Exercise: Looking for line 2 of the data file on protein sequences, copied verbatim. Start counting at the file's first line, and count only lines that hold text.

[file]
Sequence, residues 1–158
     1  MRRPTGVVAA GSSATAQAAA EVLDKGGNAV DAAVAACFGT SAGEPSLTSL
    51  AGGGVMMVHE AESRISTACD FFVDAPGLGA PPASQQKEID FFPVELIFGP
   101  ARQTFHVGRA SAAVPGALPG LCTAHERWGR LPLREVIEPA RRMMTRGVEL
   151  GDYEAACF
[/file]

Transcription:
     1  MRRPTGVVAA GSSATAQAAA EVLDKGGNAV DAAVAACFGT SAGEPSLTSL